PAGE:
Farmers have to follow meat companies mandates due to the debt heaped on them to even raise meat for these companies. The companies force certain barns, upgrades, feed, animals. Most chicken farms are in debt minimum $500,000 just to start but make $18,000/year.  If the farmers don't follow mandates, the meat companies will not allow them to raise their meat. Remember, that's 80% of the market they then can't sell to.

Genetically modified chickens to grow twice as big in half the time, to fit processing plant mechanisms so all birds need to all be about same size to be mass produced. Chickens can barely stand, structure can't support muscle - breast size increased for white meat preference. So they too are spending most of their days wading or sitting in dirt and feces floored barns.

Corn has gone from 20 bushels an acre to 200 in an acre, in a 100 yrs. Government interest in corn crops has orchestrated this.  Government policy pays farmer to over-produce corn in order to under-price corn, for all it's uses. Uses include; high fructose corn syrup, maltodextrin, citric acid, absorbic acid, sorbital, xanthum gum, sucrose/fructose, corn starch, baking powder, white vinegar, gluten, cellulose, vanilla extract. (Just half of listed ingredients, rest I didn't recognize.)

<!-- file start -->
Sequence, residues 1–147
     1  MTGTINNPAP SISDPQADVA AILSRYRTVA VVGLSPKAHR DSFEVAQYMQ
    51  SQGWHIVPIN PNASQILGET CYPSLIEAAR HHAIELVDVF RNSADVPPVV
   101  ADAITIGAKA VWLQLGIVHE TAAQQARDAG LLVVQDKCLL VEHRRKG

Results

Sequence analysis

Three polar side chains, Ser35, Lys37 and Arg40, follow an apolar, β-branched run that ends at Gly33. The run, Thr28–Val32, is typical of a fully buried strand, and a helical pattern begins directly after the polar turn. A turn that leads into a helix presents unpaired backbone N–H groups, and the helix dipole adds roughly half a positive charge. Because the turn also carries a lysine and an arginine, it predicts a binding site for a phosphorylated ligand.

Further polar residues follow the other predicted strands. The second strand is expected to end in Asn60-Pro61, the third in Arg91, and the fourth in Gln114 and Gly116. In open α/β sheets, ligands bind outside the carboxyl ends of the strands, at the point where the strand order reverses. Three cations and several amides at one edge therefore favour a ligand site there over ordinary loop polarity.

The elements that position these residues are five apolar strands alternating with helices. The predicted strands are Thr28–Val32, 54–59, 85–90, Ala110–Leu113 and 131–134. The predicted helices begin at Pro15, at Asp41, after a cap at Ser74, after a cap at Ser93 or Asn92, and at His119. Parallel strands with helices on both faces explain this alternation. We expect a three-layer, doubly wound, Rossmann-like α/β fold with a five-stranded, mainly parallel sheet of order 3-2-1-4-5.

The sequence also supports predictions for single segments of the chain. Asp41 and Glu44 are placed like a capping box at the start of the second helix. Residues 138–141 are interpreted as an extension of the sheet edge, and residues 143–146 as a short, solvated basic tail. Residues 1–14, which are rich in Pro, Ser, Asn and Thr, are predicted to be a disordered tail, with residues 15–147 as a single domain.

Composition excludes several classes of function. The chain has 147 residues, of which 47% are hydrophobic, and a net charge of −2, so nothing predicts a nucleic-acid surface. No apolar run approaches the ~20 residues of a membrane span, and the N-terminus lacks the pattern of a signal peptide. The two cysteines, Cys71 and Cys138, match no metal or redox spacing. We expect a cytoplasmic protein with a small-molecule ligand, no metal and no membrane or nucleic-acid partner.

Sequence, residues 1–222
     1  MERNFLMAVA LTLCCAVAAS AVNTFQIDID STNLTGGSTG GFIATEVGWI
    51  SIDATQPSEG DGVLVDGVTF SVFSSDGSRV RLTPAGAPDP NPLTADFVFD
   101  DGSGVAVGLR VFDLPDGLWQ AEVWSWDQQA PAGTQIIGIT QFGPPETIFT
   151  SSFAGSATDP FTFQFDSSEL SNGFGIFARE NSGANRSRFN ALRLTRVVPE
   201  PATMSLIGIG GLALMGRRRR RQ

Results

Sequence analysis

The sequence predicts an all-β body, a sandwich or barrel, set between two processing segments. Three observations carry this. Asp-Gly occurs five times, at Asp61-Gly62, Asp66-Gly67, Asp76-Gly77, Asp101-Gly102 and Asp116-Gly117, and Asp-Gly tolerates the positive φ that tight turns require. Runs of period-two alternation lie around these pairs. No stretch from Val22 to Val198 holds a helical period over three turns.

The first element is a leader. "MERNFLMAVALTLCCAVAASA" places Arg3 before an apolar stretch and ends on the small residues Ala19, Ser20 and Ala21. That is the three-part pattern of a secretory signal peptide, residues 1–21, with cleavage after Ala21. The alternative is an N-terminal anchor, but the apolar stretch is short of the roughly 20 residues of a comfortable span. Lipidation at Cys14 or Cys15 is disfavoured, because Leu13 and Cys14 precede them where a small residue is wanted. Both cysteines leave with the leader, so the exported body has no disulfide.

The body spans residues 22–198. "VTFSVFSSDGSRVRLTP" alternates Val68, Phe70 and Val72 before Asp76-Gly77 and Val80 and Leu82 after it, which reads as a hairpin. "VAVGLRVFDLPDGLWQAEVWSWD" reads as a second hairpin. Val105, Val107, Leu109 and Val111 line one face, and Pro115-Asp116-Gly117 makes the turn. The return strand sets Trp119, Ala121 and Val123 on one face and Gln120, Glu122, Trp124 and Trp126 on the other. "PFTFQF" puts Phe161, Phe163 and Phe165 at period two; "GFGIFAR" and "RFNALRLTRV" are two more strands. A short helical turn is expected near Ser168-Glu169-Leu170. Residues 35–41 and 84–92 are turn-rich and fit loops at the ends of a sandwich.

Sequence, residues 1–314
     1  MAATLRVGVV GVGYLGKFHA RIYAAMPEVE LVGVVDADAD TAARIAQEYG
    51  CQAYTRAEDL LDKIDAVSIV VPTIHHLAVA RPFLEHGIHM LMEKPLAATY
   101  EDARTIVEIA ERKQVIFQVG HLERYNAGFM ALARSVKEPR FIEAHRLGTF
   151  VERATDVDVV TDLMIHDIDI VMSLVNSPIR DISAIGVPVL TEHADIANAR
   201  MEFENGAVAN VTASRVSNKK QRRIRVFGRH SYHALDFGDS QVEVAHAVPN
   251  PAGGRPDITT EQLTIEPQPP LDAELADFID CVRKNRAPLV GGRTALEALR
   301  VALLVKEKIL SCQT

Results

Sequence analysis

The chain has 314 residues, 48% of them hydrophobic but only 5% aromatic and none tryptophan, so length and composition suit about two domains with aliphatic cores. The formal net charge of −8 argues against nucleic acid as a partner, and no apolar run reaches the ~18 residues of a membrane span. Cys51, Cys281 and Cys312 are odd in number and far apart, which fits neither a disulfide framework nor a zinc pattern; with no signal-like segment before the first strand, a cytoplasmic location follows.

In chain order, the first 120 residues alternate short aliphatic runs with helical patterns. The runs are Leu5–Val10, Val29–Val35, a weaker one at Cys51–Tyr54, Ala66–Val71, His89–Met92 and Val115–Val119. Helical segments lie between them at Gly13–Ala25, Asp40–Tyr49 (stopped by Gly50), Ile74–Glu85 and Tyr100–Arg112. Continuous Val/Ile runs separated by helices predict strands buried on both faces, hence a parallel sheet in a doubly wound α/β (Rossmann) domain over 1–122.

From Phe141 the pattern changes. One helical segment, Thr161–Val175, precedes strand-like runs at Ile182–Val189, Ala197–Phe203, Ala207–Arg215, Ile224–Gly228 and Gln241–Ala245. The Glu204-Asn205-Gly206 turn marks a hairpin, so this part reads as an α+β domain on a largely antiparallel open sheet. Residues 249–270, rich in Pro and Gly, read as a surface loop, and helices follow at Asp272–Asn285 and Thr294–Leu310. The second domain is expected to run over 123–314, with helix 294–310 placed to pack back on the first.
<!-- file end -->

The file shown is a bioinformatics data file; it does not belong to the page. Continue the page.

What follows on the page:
NAFTA caused changes in how Mexico handled agriculture starting in 1994, resulting in radical cuts to subsidies and loans for farmers and other supports in seeds, technical assistance, marketing and pricing that the state once provided.  Protection NAFTA once offered for corn and bean crops, they dropped in 2008. 1.5 million Mexican corn farmers lost their farms because they couldn't compete with pricing from subsidized US and Canadian corn.

Coincidentally (?) the meat plants started advertising for workers in Mexico, even providing bus transportation to Mexicans.  But when became hot political topic the Government punished the illegal immigrants, not meat plants.

It isn't just Mexican farmers who can't compete, just about anywhere internationally that the US exports to, the local industry cannot compete.

1 soy seed producer, Monsanto, owns 90% of market because they patented a gene (genetically modified -gmo) in the seed that allows it to grow without being affected by Roundup.